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UK Supreme Court Rules For HMRC In Landmark Littlewoods Case

by Jason Gorringe, Tax-News.com, London

01 November 2017


HM Revenue and Customs (HMRC) has secured a major ruling from the UK's Supreme Court that it should not have to pay Littlewoods compound interest worth GBP1.25bn (USD1.66bn) on historic tax overpayments.

A ruling in favor of Littlewoods could have had a devastating impact on UK coffers, since it would have opened the floodgates for other taxpayers to claim entitlement to compound interest also.

Littlewoods overpaid value-added tax (VAT) to HMRC between 1973 and 2004. Between 2005 and 2008, HMRC repaid the principal sum of GBP205m, together with simple interest of GBP268m.

In bringing legal action, Littlewoods sought additional interest, calculated on a compound basis as GBP1.25bn, on the ground that such interest is due under the common law of restitution, either as restitution for a mistake of law, or as restitution of tax unlawfully demanded (a so-called "Woolwich" claim).

The Supreme Court's November 1 judgment dealt with two separate issues.

First, it considered whether Littlewoods' common law claims are excluded by sections 78 and 80 of the Value Added Tax Act 1994 as a matter of English law, and without reference to EU law. The lower court had ruled they were barred by the Act and Littlewoods appealed on this issue. The Supreme Court likewise ruled against Littlewoods.

Second, the Supreme Court considered whether such exclusion is contrary to EU law, in light of the European Court of Justice's judgment in Littlewoods (Case C-591/10). The lower courts had found that denying compound interest was contrary to EU law. The Supreme Court allowed HMRC's appeal on this issue.

On the ECJ's ruling in Littlewoods (Case C-591/10), the Supreme Court said the ECJ's judgment does not require reimbursement of the losses constituted by the unavailability of money. It said the ruling provides member state courts a discretion to provide reasonable redress in the form of interest in addition to the principal sum. However, the Supreme Court ruled that the lower courts read too much into the phrase "adequate indemnity" in the ECJ judgment. It noted, among other things, that there is a widespread practice among EU member states of awarding taxpayers simple interest on the recovery of taxes that were unduly paid. It said: "If the ECJ had sought to outlaw that practice, one would have expected clear words to that effect."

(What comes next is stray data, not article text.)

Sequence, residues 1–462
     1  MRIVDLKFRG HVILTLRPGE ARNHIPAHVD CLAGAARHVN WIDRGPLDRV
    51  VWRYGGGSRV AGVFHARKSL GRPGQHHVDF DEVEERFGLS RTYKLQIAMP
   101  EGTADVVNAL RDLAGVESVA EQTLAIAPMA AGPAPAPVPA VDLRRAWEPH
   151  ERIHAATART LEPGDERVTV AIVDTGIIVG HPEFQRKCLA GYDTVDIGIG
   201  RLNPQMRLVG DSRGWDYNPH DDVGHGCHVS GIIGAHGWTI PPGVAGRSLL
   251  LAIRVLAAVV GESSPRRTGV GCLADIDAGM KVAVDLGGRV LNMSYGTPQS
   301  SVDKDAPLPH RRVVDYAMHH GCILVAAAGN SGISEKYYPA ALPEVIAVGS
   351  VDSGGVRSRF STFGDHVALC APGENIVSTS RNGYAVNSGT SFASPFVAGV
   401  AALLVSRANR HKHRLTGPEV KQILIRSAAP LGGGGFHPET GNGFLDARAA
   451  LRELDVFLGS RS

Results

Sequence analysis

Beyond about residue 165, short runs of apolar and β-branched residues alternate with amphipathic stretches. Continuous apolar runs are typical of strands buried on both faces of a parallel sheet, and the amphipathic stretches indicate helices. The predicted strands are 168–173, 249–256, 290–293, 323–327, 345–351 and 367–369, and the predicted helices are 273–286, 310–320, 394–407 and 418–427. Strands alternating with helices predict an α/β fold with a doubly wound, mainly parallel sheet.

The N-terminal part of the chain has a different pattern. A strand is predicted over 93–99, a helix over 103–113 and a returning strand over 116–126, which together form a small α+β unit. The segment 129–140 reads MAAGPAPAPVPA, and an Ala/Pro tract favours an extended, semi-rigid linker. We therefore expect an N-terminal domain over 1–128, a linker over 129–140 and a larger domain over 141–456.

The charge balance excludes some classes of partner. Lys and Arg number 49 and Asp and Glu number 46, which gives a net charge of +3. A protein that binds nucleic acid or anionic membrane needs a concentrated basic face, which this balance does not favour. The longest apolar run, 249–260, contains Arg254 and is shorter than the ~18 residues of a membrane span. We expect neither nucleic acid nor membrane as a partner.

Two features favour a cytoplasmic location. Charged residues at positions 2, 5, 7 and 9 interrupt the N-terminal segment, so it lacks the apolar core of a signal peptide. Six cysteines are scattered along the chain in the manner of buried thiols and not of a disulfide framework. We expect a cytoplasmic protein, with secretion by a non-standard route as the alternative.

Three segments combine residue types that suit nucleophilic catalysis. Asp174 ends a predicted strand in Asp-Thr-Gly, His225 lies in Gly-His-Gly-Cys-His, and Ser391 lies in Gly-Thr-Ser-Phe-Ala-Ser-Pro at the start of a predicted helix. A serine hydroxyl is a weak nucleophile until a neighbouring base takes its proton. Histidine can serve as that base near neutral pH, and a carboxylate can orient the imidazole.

It highlighted that "the prior and subsequent case law of the ECJ is consistent with the principle that there is an EU right to interest, but that the rate and method of calculation of interest are matters for the member states."

The Court concluded: "In summary, the payment of interest in this case cannot realistically be regarded as having deprived Littlewoods of an adequate indemnity."

Commenting on the ruling, Dominic Stuttaford, Head of Tax, Europe, Middle East, Asia, and Brazil at global law firm Norton Rose Fulbright, said: "In one of the largest tax disputes to go to court to-date, HMRC will unsurprisingly be pleased with today's outcome; it is not only the amount at stake in this particular instance but also the number of other EU-related claims for compound interest."

"The saving for the Exchequer will be enormous, estimated to be over GBP17bn for claims relating to VAT repayments standing behind this case. Notwithstanding that, if the judgment had gone against HMRC, the effect would have been diluted by the fact that the interest would have been subject to 45 percent tax."

TAGS: court | tax | value added tax (VAT) | interest | VAT legislation | law | United Kingdom | legislation | HM Revenue and Customs (HMRC) | HM Revenue and Customs (HMRC) | VAT case law | Tax

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